The Law Society of British Columbia, the province’s legal profession regulator, won’t release documents on any complaints about or from a student lawyer who has a discrimination complaint against it with the BC Human Rights Tribunal.
“The law society cannot confirm or deny the existence of any records of any complaints filed with the law society by or about any specific individuals, lawyers or law firms,” said society information and privacy officer Jackie Drozdowski in response to a Glacier Media access to information request for all complaints filed by student Malcolm Brown against law firms and the Law Society of B.C. as well as all reports and communications regarding those complaints.
“Complaints received by the law society are confidential,” Drozdowski wrote Oct. 11.
The society’s legislated purpose is to regulate the province’s thousands of lawyers in the public interest.
Brown filed a complaint against the society earlier this year, alleging its articling (or practicum) disclosure provisions discriminate against him on the grounds of mental disability. He asserts the tribunal told the society to fix the issue years ago.
Brown told Glacier Media the society’s requirements and actions have caused him to lose articling positions, led him to quit law school and left him suicidal.
Brown acknowledged he has had alcohol problems in the past and that he has spent time in treatment for those issues. He also noted some run-ins with the justice system that were resolved in his favour.
He maintains, however, that the law society’s questions about alcohol and drug use discriminate against him.
The articling application suggests talking to a society bencher (a society director) to confidentially discuss an issue regarding the application. Brown said he did that and was told to contact a lawyer who, in turn, told him to disclose his situation to prospective employers. Brown asserts those disclosures cost him jobs.
The society won’t release any information about Brown’s attempts to find articling positions, saying it would violate third-party privacy.
As the case before the tribunal moved forward in September, the society attempted to have Brown disciplined through the tribunal for discussing the issue with a reporter. The tribunal declined to do that but gagged all parties.
What was left outstanding in Glacier’s story was an access to information request to the society seeking complaints and communications relating to Brown’s case.
The society in an Oct. 11 letter cited Freedom of Information and Privacy Act sections prohibiting disclosure of a third party’s information. It names Brown as one of those third parties.
The response is slightly at odds with a statement on the society’s website.
“The law society does not disclose whether a complaint has been filed against a lawyer or whether an investigation is underway,” the website says. “However, if the existence of the complaint has already been reported publicly, for example in the media, the law society may confirm that an investigation is underway.”
Brown provided Glacier Media with both his tribunal complaint and the Sept. 12 society response filed with the tribunal by Vancouver lawyer Patricia Gallivan.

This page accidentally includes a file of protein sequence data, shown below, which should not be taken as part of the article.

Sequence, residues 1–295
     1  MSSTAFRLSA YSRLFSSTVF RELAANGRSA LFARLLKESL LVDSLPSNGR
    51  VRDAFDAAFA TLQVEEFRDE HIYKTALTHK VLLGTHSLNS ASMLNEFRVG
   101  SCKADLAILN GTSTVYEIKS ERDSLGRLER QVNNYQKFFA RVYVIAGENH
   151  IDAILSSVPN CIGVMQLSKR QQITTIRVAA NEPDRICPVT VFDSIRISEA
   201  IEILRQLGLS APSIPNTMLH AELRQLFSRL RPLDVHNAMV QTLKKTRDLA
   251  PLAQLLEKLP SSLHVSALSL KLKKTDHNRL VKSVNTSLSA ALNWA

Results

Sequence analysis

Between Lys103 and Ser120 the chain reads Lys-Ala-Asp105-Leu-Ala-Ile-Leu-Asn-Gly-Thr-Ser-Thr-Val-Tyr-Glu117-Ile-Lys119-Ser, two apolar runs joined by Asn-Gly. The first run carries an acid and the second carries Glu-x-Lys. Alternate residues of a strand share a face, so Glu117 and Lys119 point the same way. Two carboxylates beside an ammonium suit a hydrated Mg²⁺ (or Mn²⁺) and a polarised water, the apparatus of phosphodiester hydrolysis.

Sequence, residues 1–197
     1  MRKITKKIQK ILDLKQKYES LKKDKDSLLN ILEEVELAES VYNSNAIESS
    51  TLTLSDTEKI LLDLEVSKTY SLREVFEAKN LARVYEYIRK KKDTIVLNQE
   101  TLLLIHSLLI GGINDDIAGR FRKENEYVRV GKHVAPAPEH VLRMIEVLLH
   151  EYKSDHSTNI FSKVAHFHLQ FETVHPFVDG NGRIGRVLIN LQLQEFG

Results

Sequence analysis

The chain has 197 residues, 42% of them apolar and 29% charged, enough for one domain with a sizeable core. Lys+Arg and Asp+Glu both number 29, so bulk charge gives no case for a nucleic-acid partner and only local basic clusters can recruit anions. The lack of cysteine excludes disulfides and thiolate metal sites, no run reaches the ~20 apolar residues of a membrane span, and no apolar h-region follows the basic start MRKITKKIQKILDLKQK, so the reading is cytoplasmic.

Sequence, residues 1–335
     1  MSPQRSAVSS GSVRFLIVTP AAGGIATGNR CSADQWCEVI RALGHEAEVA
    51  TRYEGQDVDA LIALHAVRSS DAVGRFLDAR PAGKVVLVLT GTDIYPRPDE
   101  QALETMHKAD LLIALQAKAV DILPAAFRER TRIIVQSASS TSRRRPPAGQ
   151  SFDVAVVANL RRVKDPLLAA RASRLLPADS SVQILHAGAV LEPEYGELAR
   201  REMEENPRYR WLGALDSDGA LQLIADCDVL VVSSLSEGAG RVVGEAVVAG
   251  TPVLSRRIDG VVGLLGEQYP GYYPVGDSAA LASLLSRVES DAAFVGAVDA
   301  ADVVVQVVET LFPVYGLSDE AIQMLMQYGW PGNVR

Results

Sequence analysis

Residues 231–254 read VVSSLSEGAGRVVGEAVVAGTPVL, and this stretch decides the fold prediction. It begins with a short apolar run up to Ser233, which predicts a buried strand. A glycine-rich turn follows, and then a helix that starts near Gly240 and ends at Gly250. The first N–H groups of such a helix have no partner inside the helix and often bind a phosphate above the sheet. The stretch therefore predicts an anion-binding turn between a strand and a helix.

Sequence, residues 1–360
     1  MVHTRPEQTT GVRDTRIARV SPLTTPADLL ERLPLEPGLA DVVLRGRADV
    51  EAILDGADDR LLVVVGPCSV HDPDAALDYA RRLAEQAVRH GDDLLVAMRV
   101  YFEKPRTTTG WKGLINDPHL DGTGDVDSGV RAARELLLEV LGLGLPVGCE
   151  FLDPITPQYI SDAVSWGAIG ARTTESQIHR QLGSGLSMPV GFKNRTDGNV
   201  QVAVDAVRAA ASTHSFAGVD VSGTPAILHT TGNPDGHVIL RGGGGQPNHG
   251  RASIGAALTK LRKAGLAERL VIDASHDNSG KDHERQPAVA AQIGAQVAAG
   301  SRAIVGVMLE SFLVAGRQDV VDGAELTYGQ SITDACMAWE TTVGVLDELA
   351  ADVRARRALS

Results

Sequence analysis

Glacier Media’s access to information request also sought all communications and draft and final reports regarding the tribunal recommendations from a previous articling student’s human rights complaint against the society.
Brown based part of his complaint on those recommendations, asserting the society did not follow through on the tribunal’s suggestions.
There, Peter Mokua Gichuru complained about an articling question: “Have you ever been treated for schizophrenia, paranoia or a mood disorder described as a major affective illness, bipolar mood disorder or manic depressive illness?” Gichuru alleged the question was discriminatory and was interfering with his ability to secure an articling position.
A tribunal case summary says Gichuru had a history of depression.
“The law society then asked a lot of intrusive and irrelevant questions about his mental health to see if he was ‘fit’ to become a lawyer,” the summary said. “Gichuru was in a very vulnerable position with the law society. He was at the very start of his legal career. Decisions of the law society can have a significant effect on a lawyer. There was a power imbalance.”
The tribunal found the society intruded on Gichuru’s personal and medical autonomy with long-lasting discrimination. “Mr. Gichuru felt anxiety each time he had to have contact with the Law Society, both before and after he became a lawyer,” the summary said.
As a result, the law society changed its question to be less intrusive.
The application states its purpose in part to collect information determine if a person is of good character and fit to be a lawyer.
“The practice of law is often rigorous, demanding a high level of functioning,” the application states. “Any medical condition that would render you incapable of practicing law competently puts clients’ interests at risks and harm’s the profession’s reputation.”
The society would not disclose consultations on the Gichuru issue, citing solicitor-client privilege.
A review of society disciplinary decisions reveals multiple cases involving substance abuse.
B.C. lawyers pay a levy to support the Lawyers Assistance Program whose website states it provides “peer support and referral services to help people deal with personal problems – including alcohol and drug dependence, stress and anxiety, depression and other issues. These are all treatable illnesses, not moral issues.”